Ethereum is an open source, public blockchain that was created to address the vulnerability of personal data stored on the internet. The principal of Ethereum’s blockchain is to decentralize information stored on the web, competing against internet-based data warehouse companies, to protect internet-based data from theft.
Ethereum is best known for its smart contracts, these being coded contracts uploaded onto the Ethereum blockchain. The information held on the Ethereum blockchain is, not only protected from hackers but also secure from manipulation.
Unlike Bitcoin, Ethereum was not created to provide an alternative to fiat money, while Ethereum’s smart contract offering has made it the chosen payment source in initial coin offerings.
Industries Blockchain Headquarters Bern, Bern, Switzerland Founded Date 2014 Operating Status Active Last Funding Type Secondary Market Also Known As ETH Legal Name Stiftung Ethereum
Ether tokens (Ethereum cryptocurrency) are created to fund the Ethereum blockchain development and expansion.
The idea of Ethereum was conceived by Russian – Canadian Programmer Vitalik Buterin and co-founded by Mihai Alisie, Anthony Di Lorio, and Charles Hoskinson.
Ethereum was released on 30th July 2015, after Vitalik Buterin initially released a white paper in 2013.
The total number of Ether tokens issued at the pre-sale was 60 million, with 0.2 per coin sold in the crowdsale, therefore, 72 million ether coins were issued at Genesis.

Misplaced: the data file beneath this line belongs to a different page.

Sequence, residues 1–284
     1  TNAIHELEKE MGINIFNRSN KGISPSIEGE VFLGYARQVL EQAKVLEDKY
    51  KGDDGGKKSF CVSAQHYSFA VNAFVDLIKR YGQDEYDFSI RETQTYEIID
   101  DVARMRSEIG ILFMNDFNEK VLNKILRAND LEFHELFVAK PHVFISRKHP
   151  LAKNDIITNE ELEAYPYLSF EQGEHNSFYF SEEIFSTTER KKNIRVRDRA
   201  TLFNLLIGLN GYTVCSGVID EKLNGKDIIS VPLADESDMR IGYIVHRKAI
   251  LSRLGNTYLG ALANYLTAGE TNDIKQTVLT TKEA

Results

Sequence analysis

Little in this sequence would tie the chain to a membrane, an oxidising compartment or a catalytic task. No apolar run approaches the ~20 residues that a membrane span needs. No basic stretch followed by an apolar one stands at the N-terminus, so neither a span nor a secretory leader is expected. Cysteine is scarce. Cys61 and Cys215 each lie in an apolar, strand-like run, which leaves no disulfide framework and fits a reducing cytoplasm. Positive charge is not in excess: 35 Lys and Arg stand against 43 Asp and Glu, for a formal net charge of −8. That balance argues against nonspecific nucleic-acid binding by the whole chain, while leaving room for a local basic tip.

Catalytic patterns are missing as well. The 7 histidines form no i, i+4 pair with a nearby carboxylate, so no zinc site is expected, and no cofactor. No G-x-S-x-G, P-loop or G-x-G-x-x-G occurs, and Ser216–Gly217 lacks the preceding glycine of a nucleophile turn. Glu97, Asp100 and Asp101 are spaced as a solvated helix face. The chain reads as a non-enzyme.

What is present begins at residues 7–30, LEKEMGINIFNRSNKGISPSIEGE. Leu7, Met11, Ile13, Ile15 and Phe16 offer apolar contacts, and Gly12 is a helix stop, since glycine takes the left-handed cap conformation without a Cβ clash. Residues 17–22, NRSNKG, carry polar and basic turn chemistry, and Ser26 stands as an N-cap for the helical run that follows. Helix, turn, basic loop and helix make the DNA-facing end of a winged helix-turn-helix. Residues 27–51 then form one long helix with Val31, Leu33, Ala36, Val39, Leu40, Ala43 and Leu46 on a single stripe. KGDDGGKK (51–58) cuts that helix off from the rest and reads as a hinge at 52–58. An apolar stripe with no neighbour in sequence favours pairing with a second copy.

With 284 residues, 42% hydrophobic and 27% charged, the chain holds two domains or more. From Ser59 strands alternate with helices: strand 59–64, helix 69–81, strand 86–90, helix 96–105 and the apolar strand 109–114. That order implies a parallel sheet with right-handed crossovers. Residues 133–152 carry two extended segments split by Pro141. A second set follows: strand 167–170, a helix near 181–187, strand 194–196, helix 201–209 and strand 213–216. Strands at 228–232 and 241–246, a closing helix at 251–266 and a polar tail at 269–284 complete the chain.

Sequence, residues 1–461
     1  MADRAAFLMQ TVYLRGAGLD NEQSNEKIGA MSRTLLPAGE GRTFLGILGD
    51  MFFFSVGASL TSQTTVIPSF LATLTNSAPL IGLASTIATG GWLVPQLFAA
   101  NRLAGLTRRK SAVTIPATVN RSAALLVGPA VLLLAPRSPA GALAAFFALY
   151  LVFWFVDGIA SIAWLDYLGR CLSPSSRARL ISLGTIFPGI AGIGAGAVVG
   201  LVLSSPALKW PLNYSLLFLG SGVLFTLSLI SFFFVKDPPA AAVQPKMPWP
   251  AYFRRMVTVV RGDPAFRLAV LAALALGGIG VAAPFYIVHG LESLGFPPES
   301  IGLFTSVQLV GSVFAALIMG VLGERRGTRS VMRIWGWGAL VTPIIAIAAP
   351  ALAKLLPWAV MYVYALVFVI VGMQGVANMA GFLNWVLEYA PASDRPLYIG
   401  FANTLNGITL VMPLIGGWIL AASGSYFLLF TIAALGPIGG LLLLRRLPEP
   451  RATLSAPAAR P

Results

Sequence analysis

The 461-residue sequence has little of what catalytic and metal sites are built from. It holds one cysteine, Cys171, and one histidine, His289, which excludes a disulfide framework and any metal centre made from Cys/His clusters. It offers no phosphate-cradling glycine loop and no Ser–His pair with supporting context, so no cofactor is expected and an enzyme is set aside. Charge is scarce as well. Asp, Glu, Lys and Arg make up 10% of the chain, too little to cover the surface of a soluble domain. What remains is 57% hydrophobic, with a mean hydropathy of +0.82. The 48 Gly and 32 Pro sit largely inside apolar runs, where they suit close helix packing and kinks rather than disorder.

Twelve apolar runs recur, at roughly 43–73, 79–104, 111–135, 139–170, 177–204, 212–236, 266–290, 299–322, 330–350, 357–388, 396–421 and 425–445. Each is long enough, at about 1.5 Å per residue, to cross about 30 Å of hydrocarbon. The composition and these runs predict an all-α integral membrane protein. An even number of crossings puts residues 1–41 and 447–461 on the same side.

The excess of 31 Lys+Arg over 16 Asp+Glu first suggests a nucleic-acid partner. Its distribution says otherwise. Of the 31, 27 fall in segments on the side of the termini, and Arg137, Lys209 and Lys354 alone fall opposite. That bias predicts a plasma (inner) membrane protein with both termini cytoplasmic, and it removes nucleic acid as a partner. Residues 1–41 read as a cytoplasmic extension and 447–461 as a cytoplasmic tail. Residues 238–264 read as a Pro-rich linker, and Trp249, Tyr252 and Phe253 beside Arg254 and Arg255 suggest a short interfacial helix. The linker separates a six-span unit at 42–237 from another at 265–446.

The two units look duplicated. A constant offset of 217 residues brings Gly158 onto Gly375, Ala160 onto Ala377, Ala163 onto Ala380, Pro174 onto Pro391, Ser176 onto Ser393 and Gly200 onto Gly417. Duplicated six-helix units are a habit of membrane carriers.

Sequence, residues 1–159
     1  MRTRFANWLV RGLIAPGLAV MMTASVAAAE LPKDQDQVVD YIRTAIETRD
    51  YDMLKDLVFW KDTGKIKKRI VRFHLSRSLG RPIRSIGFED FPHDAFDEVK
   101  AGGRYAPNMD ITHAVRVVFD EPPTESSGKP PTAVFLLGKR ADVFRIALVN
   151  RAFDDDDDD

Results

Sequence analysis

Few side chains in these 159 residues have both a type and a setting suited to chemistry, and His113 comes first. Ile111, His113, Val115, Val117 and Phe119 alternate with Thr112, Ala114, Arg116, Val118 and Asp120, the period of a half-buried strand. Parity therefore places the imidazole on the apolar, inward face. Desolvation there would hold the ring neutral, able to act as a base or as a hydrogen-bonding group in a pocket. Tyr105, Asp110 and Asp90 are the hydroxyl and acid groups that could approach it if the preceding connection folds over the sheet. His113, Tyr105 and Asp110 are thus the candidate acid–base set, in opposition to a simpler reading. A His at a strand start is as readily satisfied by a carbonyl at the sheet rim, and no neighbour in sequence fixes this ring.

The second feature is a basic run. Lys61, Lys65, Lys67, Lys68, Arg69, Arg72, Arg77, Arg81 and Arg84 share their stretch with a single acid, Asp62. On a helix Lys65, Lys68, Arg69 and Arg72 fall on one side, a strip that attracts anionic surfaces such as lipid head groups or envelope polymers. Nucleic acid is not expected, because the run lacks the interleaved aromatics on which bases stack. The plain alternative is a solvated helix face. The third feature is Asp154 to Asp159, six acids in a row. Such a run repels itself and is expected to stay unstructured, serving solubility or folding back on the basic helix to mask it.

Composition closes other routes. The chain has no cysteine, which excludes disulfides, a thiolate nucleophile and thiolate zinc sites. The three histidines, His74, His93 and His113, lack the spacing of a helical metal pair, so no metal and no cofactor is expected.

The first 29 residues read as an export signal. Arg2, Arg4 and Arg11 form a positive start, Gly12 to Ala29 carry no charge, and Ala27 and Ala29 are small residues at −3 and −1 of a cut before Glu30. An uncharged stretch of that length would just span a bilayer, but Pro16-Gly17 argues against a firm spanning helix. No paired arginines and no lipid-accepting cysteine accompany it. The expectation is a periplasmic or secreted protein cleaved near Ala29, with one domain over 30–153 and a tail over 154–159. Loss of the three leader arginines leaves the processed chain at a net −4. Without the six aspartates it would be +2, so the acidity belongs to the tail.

12 million off the 60 million ether tokens created in the presale were mostly distributed to early contributors and developers, with the remaining being held by the Ethereum Foundation.
Founder Buterin was said to hold just 630,000 Ether tokens and factoring a reported sale, is said to own less than half a percent of total Ether tokens in circulation.
The creation of each individual Ether token comes from mining, which is rewarded to miners in the blockchain verification process.
The Ethereum blockchain requires thousands of users, called nodes, running Ethereum virtual machines that are able to execute smart contracts. Smart contracts describe software and apps developed over the Ethereum platform.
Ether Tokens not only act as a fuel for the decentralized apps or software in the Ethereum network but are also used to cover transaction fees stemming from any change requests made for existing apps.
The transaction fees are calculated based on how much ‘gas’ an action demands, which is equivalent to the amount of computing power and time to make the required change.